cut into

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cut in(to)

1. Literally, to slice or carve something. That vegetable has a tough skin, so you'll really need to apply some pressure in order to cut into it.
2. To interrupt a dancing couple in order to change places with one of them (typically the man). In this usage, "cut in" is a set phrase. Oh, don't worry about cutting in—I was tripping all over myself on the dance floor anyway. May I cut in for a dance with this lovely lady?
3. To move ahead of someone or something in line before it is one's turn. The guy from the back of the line totally just cut in!
4. To interrupt someone or something. I'm sorry to cut in, but I have some information that might help. Mom is always using the phone in her office to cut in on my conversations!
5. To join something despite being unwelcome. Ugh, my little brother is always cutting in on my movie nights with my friends.
6. To automatically begin working; to turn on. With this new thermostat, the heat will cut in once the temperature drops below 70 degrees.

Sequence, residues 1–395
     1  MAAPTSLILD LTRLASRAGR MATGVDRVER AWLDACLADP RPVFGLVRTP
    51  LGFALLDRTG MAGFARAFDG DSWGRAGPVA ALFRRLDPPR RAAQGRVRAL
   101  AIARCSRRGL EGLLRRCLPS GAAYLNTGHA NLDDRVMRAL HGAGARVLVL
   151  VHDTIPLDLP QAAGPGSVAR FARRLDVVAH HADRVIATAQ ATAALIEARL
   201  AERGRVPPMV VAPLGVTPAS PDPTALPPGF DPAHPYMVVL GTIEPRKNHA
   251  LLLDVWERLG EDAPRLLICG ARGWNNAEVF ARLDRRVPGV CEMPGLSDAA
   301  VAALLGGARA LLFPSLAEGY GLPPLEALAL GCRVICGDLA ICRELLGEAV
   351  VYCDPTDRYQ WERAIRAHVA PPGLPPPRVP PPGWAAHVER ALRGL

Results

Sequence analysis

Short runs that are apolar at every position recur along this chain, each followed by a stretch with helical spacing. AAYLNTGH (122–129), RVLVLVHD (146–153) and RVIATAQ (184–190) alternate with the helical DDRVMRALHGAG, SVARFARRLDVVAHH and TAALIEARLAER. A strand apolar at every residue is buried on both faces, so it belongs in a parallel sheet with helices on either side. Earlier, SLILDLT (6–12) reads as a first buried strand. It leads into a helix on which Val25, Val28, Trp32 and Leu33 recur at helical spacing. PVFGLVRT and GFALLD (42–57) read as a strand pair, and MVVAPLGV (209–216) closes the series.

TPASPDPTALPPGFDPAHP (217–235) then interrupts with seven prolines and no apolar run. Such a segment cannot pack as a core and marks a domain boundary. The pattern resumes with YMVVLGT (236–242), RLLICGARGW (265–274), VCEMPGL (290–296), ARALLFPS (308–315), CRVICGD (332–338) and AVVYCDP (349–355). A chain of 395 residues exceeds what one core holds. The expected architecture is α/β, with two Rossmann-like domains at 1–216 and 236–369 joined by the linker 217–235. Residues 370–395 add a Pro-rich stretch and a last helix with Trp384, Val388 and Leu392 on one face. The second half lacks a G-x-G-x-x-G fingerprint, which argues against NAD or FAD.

7. To use a cutting motion (typically with two knives) to add an ingredient to a mixture. In this usage, a noun or pronoun can be used between "cut" and "in(to)." The next step is to cut the shortening into the mixture.
8. slang To include one in the profits from something, such as a business venture. In this usage, the person being included is typically mentioned between "cut" and "in." They better cut me in on the deal—I came up with the original concept!
See also: cut
Farlex Dictionary of Idioms. © 2015 Farlex, Inc, all rights reserved.

cut something into something

1. and cut something in to mix something, usually a soft baking ingredient, into something else. (See also fold something into something.) Carefully cut the butter into the flour mixture. Now, cut in some more butter.
2. to slice or chop something into very small pieces, bits, etc. We cut the meat into one-inch cubes for the stew.
See also: cut
McGraw-Hill Dictionary of American Idioms and Phrasal Verbs. © 2002 by The McGraw-Hill Companies, Inc.
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